Oppenheimer's Morals VS. The Government
Julius Robert Oppenheimer was made director of the Los Alamos laboratory and conducted the Manhattan Project. His team designed two bombs, one using uranium (called "Little Boy") and one using plutonium ("Fat Man"). By early 1945, nuclear plants around the nation (also working under the Manhattan Project) had produced enough nuclear material to being testing. On July 13, 1945, at a site called Trinity in New Mexico, a plutonium bomb was assembled and brought to the top of a tower. On July 16, the bomb was detonated, producing an intense flash of light seen by observers in bunkers up to 10 miles away and a fireball that expanded to 650 feet in two seconds. It grew to a height of more than 9 miles, boiling up in the shape of a mushroom. Forty seconds later, the blast of air from the bomb reached the observation bunkers, along with a long and deafening roar of sound.
The explosive power, equivalent to 18.6 kilotons of TNT, was almost four times larger than predicted. Oppenheimer was appalled at the power of this bomb. He circulated a petition among several of the Los Alamos scientists asking President Truman to give Japan a warning and a chance to surrender before utilizing the bomb.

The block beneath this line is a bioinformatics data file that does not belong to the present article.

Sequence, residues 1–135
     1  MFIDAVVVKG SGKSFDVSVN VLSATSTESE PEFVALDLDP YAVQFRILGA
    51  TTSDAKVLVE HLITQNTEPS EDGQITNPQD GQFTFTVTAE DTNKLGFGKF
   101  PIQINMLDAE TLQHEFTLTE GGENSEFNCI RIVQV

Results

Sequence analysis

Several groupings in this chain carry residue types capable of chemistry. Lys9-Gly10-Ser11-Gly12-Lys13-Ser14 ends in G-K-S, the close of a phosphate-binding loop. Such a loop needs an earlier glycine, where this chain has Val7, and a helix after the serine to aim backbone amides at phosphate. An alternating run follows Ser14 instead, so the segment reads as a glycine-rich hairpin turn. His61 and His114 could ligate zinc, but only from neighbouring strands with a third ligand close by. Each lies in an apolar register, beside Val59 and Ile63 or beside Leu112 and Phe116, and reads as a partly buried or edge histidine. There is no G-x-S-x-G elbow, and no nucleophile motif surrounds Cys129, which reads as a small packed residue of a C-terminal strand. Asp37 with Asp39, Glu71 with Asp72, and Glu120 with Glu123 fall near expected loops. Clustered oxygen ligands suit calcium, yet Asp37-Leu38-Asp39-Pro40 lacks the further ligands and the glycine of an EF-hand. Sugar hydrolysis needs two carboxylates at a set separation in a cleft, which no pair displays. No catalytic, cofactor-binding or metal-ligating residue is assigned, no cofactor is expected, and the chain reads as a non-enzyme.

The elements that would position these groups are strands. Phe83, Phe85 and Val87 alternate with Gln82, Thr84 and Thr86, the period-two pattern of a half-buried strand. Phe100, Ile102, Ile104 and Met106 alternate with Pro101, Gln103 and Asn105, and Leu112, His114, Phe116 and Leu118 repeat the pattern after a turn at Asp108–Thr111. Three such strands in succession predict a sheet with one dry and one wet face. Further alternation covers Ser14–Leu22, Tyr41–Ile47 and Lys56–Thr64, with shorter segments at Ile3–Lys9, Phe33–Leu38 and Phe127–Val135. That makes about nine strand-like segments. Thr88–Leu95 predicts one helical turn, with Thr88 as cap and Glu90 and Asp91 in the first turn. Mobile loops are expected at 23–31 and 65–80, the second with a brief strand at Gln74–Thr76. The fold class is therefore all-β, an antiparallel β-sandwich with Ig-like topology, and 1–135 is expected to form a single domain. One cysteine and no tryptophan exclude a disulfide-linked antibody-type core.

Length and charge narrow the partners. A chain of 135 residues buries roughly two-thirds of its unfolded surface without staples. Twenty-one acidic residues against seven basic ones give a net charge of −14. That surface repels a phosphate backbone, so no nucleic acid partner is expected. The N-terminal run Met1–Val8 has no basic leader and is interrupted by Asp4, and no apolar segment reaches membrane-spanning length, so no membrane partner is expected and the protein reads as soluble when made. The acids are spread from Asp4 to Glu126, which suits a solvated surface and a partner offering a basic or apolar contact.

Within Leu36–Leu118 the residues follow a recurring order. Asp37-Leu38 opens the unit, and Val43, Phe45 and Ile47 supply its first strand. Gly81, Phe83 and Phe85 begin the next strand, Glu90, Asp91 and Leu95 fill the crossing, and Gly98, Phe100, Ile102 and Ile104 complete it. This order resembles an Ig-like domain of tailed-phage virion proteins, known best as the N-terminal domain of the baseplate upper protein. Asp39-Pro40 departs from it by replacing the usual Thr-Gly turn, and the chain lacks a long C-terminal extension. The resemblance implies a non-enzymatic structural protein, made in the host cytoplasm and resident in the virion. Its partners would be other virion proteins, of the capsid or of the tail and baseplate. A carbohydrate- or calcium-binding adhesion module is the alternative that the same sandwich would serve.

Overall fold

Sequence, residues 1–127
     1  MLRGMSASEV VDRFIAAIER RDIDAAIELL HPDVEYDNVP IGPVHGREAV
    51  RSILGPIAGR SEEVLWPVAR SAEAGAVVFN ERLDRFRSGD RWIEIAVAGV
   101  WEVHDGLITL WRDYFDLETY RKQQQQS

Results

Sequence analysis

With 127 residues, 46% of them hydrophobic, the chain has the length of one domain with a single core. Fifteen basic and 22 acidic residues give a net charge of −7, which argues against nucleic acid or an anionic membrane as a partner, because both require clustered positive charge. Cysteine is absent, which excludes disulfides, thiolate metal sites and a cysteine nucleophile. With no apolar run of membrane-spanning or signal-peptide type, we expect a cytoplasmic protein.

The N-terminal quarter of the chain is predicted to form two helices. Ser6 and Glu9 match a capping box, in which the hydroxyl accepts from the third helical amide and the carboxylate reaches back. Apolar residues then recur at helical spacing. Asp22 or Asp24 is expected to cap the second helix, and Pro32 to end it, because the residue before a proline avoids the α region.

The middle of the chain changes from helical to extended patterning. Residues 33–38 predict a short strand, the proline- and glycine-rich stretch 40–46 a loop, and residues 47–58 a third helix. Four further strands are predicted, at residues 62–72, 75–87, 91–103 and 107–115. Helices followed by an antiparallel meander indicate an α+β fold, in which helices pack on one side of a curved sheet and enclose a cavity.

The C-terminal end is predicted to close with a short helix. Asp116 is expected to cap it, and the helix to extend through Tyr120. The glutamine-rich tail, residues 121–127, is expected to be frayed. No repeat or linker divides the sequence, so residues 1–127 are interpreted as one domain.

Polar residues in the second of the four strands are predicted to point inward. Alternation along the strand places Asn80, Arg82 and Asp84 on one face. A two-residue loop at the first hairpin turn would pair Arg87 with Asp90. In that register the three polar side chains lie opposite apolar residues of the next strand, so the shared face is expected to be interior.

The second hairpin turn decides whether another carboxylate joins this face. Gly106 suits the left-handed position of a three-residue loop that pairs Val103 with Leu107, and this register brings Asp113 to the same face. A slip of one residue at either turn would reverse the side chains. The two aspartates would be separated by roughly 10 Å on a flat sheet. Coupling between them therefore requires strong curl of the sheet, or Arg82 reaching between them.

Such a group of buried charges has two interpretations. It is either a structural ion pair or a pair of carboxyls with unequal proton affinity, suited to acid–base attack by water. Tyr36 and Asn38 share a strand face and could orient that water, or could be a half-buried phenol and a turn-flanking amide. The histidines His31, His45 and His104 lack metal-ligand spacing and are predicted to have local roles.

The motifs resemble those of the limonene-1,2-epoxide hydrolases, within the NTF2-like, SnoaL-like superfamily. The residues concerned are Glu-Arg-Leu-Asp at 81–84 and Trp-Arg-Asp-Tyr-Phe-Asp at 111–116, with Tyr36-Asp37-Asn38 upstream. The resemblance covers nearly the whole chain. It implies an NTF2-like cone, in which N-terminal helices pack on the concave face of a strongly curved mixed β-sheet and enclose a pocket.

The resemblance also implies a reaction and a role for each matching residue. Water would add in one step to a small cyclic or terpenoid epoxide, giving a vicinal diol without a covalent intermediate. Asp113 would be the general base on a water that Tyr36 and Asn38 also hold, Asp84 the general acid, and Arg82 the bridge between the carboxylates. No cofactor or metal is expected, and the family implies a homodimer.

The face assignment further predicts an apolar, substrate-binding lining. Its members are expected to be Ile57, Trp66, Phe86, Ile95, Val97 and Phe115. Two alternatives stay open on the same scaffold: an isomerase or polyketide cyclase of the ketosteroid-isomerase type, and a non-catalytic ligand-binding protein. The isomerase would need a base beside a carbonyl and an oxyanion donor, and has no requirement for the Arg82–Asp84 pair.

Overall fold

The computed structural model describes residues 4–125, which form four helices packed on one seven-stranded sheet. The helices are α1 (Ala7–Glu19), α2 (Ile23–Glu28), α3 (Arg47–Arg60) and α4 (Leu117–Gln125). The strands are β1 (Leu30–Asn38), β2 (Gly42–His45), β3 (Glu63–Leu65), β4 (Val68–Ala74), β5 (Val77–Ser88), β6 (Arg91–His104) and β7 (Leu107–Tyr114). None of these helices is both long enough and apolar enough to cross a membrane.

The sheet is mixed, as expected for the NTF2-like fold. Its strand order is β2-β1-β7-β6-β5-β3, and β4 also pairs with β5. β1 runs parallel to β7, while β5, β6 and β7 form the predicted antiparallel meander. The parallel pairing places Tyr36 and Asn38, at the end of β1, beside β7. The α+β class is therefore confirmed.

Twenty-one days after the test, the B-29 bomber Enola Gay dropped the uranium bomb on Hiroshima, Japan. Three days later the plutonium bomb was used to bomb Nagasaki. The two bombs killed approximately 150,000 people when they fell. This is exactly what Oppenheimer feared. He feared that the nuclear weapon he had helped form would be used irrationally and cause unnecessary destruction. Today, there are several arguments that Oppenheimer was correct and the United States government could have avoided dropping the atomic bomb.
The United States' Pacific...